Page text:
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WilmingtonBiz Magazine

Escape To Figure Eight

By Kyle Hanlin, posted Mar 24, 2021
Figure Eight Island, shown here from above, is home to the most expensive real estate in North Carolina. (Photos by Kevin Kleitches)
It shares a ZIP code with apartment complexes, storage centers, a skate park, a Walmart Supercenter and thousands of Wilmingtonians who hang up their board shorts and bikinis in and around Ogden and Porters Neck.
 
Yet hardly a directional sign shows drivers the way to Figure Eight Island.
 
That’s by design.
 
“I used to run an ad that said, ‘Discover Figure Eight Island, the bestkept secret in the South,’” said longtime Figure Eight Island resident and real estate agent Buzzy Northen. “I had to take it away because nobody wanted me to tell anybody that.”
 
The private island, located just north of Wrightsville Beach across Mason’s Inlet, is home to the most expensive real estate in North Carolina. Nearly all of the island’s 498 properties are valued at more than $2 million, and some exceed the $5 million barrier. And the law of supply and demand shows that values on the island will continue to rise.


 
“Our problem right now is we have a lot of demand, and we have very low inventory,” said Jo El Skipper of Figure Eight Realty. “But it was a roller coaster ride of a year, and I guess a lot of people who had been thinking about Figure Eight decided to jump in and finally pull the trigger and buy a beach house.”
 
In October 2020, the sale of 142 Beach Road South on Figure Eight was the highest ever recorded by the N.C. Regional Multiple Listing Services (MLS). The 5,800-square-foot, sevenbed, seven-bath home that features ocean views from nearly every room carried a price tag of $5.5 million.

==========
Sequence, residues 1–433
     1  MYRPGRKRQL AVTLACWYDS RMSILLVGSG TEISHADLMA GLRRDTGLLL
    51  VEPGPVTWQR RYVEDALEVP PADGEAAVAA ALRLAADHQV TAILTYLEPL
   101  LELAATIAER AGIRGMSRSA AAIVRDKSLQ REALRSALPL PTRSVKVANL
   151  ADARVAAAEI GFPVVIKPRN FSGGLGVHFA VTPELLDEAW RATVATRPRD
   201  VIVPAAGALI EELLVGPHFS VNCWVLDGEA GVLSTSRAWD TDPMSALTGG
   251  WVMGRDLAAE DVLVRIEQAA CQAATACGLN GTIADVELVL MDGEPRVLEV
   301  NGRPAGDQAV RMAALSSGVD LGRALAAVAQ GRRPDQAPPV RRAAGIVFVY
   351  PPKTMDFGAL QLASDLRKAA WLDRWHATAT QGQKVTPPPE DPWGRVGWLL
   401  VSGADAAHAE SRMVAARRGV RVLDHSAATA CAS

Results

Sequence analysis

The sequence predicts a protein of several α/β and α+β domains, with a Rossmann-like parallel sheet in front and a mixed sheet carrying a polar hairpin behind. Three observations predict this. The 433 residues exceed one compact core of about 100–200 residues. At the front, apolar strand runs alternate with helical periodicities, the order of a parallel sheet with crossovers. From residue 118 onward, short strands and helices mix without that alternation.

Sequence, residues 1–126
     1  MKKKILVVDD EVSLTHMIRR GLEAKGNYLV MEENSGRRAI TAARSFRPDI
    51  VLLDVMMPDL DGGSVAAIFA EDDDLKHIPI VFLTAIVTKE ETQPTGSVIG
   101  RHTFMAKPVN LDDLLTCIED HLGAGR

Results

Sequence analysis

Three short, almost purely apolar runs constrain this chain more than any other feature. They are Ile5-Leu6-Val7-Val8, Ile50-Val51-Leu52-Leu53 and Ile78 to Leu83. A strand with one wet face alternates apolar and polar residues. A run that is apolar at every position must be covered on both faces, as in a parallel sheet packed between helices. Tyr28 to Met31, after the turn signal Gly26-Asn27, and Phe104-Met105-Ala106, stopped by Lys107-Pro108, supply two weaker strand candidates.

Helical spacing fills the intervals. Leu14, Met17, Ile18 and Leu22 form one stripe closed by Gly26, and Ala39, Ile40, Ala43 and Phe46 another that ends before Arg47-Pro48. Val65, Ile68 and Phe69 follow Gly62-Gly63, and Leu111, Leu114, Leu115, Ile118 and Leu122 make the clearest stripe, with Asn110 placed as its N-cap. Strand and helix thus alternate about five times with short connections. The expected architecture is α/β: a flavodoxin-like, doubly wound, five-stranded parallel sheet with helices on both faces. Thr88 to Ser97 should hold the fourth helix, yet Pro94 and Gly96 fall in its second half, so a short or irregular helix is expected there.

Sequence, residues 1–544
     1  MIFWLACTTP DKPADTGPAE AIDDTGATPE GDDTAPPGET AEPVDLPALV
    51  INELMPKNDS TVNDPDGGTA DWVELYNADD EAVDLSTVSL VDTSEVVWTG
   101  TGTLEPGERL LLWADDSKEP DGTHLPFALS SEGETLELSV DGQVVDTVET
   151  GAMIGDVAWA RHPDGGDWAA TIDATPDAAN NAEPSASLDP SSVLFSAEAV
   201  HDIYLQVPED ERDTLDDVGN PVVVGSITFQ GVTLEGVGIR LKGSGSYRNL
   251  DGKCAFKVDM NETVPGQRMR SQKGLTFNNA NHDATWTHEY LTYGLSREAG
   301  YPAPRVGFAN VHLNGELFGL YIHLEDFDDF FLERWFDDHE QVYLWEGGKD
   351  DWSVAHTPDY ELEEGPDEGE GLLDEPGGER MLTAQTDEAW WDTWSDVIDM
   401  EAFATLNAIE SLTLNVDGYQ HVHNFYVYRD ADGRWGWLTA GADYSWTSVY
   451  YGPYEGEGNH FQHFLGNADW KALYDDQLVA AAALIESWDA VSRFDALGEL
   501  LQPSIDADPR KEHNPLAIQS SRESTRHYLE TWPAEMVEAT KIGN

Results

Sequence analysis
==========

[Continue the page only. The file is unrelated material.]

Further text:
“2020 was the biggest year ever on Figure Eight,” said Northen, who was the listing agent for the 142 Beach Road South sale. “The pandemic led the way. People were looking for a safe waterfront community that they knew was a good investment.”
 

Priceless Privacy


The mere idea of a private beach community is a unique one for North Carolina, where most of the state’s coastline is freely accessible to the public. But it is that privacy that is the main draw for Figure Eight Island’s residents and property owners.
 
“There is a shroud of mystery (to Figure Eight Island) because it is really private, and you can’t really see,” said Northen. “There is only one entrance on and off the island, and you have to have a pass – either be a property owner or you have to have a pass phoned in. You can’t just show up and make up an excuse and go to somebody’s house.”
 
That privacy – virtual isolation – made Figure Eight a near-perfect location for families, who could afford it, forced to move to remote work and remote learning during the quarantines and social distancing of 2020.
 
“Who would have known that COVID would have spiked real estate sales?” said Skipper. “When this all started, I remember lying in bed and thinking, ‘What’s going to happen? Are we going to have any business?’ And, lo and behold, a private island ended up having a lot of appeal to a lot of people during a pandemic. We moved a lot of real estate.”
 
For Northen, who has called the island home since the late 1980s and served as the president of the island’s yacht club from 2004-07, the increased interest in Figure Eight Island is much deserved.
 
“I think we are way undervalued today versus the Kiawahs, the Sea Islands and the Hilton Heads,” Northen said. “I think we are the value proposition of all of those.” 
 

A Community Effort